The horrors of in-person course registration

Registration at UBC isn’t what it used to be. And that’s a good thing.

Crisp fall days, freshly sharpened pencils, and… waiting in line? For those at UBC before the mid‑80s, the words “back to school” likely conjure memories of in-person course registration. Variously described as “a horror,” “nightmarish,” and “a test of endurance,” the process involved rushing around campus and standing in a series of lines in order to gain entry to one’s desired courses.

“At UBC, as in the army, it’s ‘Hurry up and wait,’” complained the Ubyssey in 1959. “The system brings ulcers.”

Ever resourceful, students schemed to beat the queues. Some planned with military precision their route to collect the punched cards signifying entrance to each course, strategically weighing the distance between registration locations against the popularity of each desired class, then running from building to building in a cloud of anxiety.

To claim prime spots in line, others simply showed up at 6:00 AM. A student could also licitly skip the lines, according to the Ubyssey in 1963, if she were pregnant or a “girl who faints in lineups.”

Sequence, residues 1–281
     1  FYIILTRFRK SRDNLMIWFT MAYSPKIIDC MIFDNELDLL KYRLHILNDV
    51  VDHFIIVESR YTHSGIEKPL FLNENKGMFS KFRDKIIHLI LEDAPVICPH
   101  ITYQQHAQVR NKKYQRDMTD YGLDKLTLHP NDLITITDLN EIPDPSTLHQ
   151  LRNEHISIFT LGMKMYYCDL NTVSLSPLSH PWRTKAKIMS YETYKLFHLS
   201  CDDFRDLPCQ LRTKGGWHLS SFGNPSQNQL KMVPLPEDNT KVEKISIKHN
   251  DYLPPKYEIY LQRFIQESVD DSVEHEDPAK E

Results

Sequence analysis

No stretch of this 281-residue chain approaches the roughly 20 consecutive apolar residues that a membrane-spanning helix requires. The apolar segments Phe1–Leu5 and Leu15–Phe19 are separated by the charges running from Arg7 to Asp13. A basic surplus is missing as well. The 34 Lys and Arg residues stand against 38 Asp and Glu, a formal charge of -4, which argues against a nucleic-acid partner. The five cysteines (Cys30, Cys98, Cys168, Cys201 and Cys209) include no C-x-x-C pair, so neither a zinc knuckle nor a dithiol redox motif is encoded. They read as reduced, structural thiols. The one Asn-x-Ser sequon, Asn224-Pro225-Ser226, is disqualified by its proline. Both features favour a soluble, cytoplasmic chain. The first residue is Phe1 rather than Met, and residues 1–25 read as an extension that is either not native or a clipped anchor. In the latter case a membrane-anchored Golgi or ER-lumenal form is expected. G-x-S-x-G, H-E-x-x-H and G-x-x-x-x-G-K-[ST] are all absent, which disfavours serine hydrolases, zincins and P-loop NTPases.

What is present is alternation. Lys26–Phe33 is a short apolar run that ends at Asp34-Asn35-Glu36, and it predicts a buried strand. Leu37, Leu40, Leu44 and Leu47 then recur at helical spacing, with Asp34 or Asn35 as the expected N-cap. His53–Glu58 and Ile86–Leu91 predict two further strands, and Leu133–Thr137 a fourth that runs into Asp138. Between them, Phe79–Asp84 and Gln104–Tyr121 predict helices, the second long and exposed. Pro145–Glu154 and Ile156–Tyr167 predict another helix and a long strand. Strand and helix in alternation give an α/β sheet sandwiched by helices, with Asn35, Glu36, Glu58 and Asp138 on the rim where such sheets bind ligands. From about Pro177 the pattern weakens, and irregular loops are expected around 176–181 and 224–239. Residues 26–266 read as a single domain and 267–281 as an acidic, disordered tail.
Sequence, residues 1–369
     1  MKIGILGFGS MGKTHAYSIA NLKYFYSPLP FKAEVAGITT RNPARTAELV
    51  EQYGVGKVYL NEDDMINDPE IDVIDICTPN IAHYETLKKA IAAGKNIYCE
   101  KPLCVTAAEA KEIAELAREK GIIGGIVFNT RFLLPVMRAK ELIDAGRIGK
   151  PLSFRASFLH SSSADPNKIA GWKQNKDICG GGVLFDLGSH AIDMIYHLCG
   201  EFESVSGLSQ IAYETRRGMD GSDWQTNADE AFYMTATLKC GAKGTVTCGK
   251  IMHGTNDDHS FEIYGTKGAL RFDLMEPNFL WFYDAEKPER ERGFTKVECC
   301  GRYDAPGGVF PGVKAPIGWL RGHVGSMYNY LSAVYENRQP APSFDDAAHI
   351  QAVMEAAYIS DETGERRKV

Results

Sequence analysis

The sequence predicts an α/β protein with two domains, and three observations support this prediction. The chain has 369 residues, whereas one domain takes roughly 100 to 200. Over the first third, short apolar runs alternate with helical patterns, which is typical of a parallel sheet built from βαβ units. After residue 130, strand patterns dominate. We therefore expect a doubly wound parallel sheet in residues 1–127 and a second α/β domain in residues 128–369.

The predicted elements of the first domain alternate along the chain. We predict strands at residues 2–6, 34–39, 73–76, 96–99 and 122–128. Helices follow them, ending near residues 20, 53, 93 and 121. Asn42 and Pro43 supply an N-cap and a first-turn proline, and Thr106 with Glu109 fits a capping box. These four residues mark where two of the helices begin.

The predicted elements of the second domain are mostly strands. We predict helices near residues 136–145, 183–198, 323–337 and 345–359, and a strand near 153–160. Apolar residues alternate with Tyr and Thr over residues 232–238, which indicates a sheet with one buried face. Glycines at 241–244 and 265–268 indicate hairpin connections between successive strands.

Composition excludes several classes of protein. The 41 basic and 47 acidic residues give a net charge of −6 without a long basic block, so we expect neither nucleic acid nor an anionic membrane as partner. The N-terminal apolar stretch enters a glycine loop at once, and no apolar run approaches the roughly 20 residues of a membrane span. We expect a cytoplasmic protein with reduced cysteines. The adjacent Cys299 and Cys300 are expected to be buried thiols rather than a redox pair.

Was every so‑called girlish swoon 100 per cent authentic? It’s doubtful: a little creativity was useful for victory at the registration desks. Allegedly, one student donned overalls and pretended to be a maintenance worker; another told guards he was a professor manning the desk; a third flashed a printed press badge and claimed to be a reporter. Another student, hobbling pitifully on crutches to the front of a line, made a miraculous recovery the moment he’d completed his paperwork, striding away sans crutches.

Registration even inspired tortured poetry: “My feet ache / o god, how they ache . . . I hate having to number myself like an / i.b.m. machine / it’s inhuman . . . now look here professors, why do you have / to go on lunch just when I get to the front of the line?”

The moans, ulcers, and aching feet eventually joined the annals of history. By 1987, students could register by telephone, and, by 2001, online. Today’s students still rush to nab coveted spots in courses, but they do so with one click – at home, in pyjamas, tea in hand, no fainting required.